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Jonathan Tierney
Jonathan Tierney, Certified Public Accountant
Category: Social Security
Satisfied Customers: 322
Experience:  Tax Accountant at Praxair, Inc.
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There is a woman at my church that we are assisting and

Customer Question

There is a woman at my church that we are assisting and helping to navigate the various systems we are part of. She is from Nigeria and has been in the US for I think about 2 years. She just turned 70.
It was suggested that I call Jewish Vocational Services, which I did. I spoke with a counselor there who advised she is eligible for some social security income, perhaps about $600/month. When I told her about it, she said she had looked into that in Wisconsin and North Carolina, and had been told she was not eligible because she is not a citizen. (She has a green card.) She said she had accepted that that was not an option for her, and was not going to go through that [rejection] again.
Please advise if there is indeed some eligibility for her, and how the process works, where we should begin, and if there are qualifying requirements/exclusions.
Your assistance is greatly appreciated.
R L Brummel ###-##-####
Submitted: 1 year ago.
Category: Social Security
Expert:  Jonathan Tierney replied 1 year ago.

Being a U.S. citizen is a general requirement to collect Social Security Supplemental Security Income (SSI), though there are several categories of permanent residents that do qualify. They are:

There are seven categories of non–citizens who are qualified aliens. You are a "qualified alien" if the Department of Homeland Security (DHS) says you are in one of these categories:

  1. Lawfully admitted for Permanent Residence (LAPR) in the U.S., including "Amerasian immigrant" as defined in P.L. 100-202, with a class of admission AM-1 through AM-8;

  2. Granted conditional entry under Section


    of the Immigration and Nationality Act (INA) as in effect before April 1, 1980;

  3. Paroled into the U.S. under Section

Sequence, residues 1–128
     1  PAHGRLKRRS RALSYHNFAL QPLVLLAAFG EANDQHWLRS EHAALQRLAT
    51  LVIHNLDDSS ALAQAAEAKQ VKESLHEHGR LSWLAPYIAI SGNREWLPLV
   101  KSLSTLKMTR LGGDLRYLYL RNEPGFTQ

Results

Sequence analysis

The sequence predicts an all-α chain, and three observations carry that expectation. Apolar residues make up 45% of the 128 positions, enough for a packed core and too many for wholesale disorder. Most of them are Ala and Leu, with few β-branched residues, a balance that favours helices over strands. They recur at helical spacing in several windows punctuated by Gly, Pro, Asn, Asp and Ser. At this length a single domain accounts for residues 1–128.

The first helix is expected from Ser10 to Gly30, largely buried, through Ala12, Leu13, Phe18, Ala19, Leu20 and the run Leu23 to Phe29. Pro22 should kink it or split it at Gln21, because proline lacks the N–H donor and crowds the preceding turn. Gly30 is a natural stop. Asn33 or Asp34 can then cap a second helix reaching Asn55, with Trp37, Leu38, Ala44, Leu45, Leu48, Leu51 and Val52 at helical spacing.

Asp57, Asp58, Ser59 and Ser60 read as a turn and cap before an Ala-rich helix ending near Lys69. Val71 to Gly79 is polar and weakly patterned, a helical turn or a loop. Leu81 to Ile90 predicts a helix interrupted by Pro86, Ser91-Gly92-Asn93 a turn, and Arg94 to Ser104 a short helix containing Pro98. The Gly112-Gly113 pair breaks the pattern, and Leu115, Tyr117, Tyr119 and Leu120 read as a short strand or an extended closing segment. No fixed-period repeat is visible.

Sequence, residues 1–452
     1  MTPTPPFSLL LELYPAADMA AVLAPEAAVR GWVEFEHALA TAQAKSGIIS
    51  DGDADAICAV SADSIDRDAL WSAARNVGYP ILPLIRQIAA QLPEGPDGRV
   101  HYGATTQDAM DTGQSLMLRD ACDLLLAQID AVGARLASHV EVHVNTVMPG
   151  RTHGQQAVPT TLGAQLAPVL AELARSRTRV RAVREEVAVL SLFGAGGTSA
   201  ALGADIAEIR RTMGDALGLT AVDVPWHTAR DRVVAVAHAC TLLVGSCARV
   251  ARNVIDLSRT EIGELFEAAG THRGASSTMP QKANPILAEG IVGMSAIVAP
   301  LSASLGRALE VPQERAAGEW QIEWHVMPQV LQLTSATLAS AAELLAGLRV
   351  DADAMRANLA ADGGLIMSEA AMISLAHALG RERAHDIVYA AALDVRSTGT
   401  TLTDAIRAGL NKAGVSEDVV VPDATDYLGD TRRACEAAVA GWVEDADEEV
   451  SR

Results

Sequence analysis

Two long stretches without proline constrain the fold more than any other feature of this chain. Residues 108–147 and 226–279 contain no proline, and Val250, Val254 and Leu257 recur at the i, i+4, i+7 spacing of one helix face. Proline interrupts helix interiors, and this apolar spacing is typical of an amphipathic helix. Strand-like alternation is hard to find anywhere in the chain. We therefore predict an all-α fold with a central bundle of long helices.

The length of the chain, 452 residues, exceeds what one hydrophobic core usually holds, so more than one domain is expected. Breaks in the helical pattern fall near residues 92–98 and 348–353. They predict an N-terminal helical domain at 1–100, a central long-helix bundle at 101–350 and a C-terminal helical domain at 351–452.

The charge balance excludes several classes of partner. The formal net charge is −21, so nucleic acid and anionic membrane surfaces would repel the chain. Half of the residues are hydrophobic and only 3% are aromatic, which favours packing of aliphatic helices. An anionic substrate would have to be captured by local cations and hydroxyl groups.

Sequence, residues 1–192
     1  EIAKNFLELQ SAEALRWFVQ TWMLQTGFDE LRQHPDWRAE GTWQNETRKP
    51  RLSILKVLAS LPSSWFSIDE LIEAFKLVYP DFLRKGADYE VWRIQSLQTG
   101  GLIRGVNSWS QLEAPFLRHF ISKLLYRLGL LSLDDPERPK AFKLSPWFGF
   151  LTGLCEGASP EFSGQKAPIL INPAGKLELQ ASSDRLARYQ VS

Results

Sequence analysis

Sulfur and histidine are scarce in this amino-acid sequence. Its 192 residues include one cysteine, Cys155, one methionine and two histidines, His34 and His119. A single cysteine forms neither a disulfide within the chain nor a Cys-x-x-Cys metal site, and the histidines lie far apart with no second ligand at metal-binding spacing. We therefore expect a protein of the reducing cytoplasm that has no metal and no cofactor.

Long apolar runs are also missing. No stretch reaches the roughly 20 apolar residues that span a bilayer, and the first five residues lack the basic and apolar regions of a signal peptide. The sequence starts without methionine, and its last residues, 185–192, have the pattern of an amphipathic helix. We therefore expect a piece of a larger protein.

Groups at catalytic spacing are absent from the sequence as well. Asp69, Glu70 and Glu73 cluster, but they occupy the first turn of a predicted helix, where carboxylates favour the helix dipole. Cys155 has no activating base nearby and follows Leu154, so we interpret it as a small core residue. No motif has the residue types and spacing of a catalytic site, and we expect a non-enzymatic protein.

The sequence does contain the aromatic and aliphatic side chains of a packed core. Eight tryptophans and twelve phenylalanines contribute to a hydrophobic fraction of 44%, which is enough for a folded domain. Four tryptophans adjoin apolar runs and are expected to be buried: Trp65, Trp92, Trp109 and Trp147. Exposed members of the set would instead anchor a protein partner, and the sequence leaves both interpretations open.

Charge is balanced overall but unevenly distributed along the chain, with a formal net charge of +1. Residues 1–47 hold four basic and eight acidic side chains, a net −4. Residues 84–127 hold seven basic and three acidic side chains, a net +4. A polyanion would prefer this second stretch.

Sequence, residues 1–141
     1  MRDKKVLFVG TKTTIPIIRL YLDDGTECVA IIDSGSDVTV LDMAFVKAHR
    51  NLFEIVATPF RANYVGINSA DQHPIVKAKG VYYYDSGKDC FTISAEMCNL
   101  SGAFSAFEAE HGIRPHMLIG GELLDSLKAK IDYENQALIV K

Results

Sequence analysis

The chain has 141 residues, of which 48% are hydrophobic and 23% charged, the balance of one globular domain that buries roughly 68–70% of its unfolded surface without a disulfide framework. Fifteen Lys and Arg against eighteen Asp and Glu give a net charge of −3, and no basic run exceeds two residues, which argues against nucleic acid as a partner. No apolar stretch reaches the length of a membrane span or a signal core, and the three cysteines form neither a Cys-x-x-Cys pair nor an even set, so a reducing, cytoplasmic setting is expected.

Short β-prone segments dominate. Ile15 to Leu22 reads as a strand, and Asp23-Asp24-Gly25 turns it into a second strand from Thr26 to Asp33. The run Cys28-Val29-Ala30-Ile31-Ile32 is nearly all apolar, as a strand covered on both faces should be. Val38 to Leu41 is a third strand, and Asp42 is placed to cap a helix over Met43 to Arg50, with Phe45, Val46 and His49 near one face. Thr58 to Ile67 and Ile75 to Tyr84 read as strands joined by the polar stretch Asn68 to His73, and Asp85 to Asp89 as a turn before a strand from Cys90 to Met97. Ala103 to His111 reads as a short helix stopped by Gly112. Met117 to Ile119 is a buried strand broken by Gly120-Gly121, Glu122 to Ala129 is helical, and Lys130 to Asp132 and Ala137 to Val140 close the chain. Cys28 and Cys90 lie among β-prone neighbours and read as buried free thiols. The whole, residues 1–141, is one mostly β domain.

of the INA for a period of at least one year;

  4. Refugee admitted to the U.S. under Section 207 of the INA;

  5. Granted asylum under Section 208 of the INA;

  6. Deportation is being withheld under Section


    of the INA as in effect before April 1, 1997, or removal is being withheld under Section

    241(b)(3) of the INA;

  7. A “Cuban or Haitian entrant” under Section


    of the Refugee Education Assistance Act of 1980 or in a status that is to be treated as a “Cuban/Haitian entrant” for SSI purposes.

In addition, you can be a “deemed qualified alien” if, under certain circumstances, you, your child, or your parent has been subjected to battery or extreme cruelty by a family member while in the United States. (from

You can find more general information about SSI here:

The people at the Social Security office might have been quick to reject her as they do not handle these exceptions often and probably did not ask her enough question to screen to determine if she would qualify, so it might be up to her, and her representative if she brings one, to point out the specific category of "qualified alien" she would be (if that is the case). Even if she gets an initial rejection, she can appeal where a more an administrative law judge (an actual lawyer) will more likely understand the law and be able to apply it.

I do not know her entire situation so I believe you would have to find out more from her to see if she would qualify.

I hope this answers your question. Please let me know if I can clarify anything or answer any additional questions.

Thanks, Jonathan